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Permanent link (DOI): https://doi.org/10.7939/R3445HK7K

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Production and outplanting success of nutrient-loaded aspen seedlings Open Access

Descriptions

Other title
Subject/Keyword
Paclobutrazol
Nursery seedling quality
Seedling outplanting performance
Populus tremuloides
Nutrient and carbon reserves
nutrient loading
Type of item
Thesis
Degree grantor
University of Alberta
Author or creator
Schott, Kaitlin M.
Supervisor and department
Pinno, Brad (CFS)
Landhäusser, Simon (Renewable Resources)
Examining committee member and department
Zwaizek, Janusz (Renewable Resources)
Erbilgin, Nadir (Renewable Resources)
Department
Department of Renewable Resources
Specialization
Forest Biology and Management
Date accepted
2013-09-29T16:48:38Z
Graduation date
2013-11
Degree
Master of Science
Degree level
Master's
Abstract
Quality aspen (Populus tremuloides Michx.) nursery seedlings are difficult to produce. In this thesis I explored methods to improve the nutrient status (loading) of aspen seedlings. Tissue nutrient concentrations doubled in seedlings treated with a shoot growth inhibitor (SGI) compared to exponential fertilization which resulted in poor quality (small) seedlings with lower nutrients. Nutrient loaded and standard feed SGI seedlings were outplanted on a reclamation site in two capping materials (peat-mineral-mix (PMM) and salvaged forest floor). Superimposed were also four different fertilizer regimes. Loaded aspen seedlings always outperformed standard seedlings, grew better on PMM capping material, and a controlled release fertilizer had a longer lasting effect on seedling growth than the immediate release fertilizer. These differences continued in the second growing season. SGI treatment allows for the production of nutrient loaded aspen seedlings, produces uniform and quality seedling stock, and can reduce broadcast fertilization needs on reclamation sites.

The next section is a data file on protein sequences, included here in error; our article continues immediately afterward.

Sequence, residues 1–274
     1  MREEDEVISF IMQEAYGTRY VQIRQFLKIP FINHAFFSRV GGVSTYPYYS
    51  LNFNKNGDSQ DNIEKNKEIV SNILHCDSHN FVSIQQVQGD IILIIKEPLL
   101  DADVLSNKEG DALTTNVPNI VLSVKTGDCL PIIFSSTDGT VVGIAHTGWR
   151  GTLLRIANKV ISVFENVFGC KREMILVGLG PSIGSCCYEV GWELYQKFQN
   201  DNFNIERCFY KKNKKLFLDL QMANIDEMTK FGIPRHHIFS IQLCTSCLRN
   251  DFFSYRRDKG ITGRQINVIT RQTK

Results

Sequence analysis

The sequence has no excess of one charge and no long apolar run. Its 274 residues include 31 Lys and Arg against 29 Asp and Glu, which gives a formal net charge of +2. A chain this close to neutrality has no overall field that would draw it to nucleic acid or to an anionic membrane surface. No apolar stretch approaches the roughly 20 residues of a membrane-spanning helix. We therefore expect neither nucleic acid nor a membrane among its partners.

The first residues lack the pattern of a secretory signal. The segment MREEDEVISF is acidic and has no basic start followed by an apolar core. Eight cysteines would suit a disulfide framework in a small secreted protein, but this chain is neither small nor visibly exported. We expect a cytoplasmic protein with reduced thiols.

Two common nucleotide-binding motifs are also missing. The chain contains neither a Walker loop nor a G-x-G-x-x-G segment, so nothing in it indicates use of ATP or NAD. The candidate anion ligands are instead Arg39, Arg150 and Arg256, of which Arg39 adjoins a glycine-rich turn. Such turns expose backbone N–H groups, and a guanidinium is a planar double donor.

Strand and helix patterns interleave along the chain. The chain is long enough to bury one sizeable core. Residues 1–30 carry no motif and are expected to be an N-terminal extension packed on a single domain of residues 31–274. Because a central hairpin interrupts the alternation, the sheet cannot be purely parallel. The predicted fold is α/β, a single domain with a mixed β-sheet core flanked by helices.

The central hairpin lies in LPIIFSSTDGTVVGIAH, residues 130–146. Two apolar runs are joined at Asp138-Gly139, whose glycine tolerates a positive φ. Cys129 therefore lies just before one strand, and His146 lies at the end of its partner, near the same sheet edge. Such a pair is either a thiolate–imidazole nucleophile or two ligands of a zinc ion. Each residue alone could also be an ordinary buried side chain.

Language
English
DOI
doi:10.7939/R3445HK7K
Rights
Permission is hereby granted to the University of Alberta Libraries to reproduce single copies of this thesis and to lend or sell such copies for private, scholarly or scientific research purposes only. Where the thesis is converted to, or otherwise made available in digital form, the University of Alberta will advise potential users of the thesis of these terms. The author reserves all other publication and other rights in association with the copyright in the thesis and, except as herein before provided, neither the thesis nor any substantial portion thereof may be printed or otherwise reproduced in any material form whatsoever without the author's prior written permission.
Citation for previous publication
Schott, Kaitlin M., Bradley D. Pinno, and Simon M. Landhäusser. "Premature shoot growth termination allows nutrient loading of seedlings with an indeterminate growth strategy." New Forests (2013): 1-13. DOI 10.1007/s11056-013-9373-9

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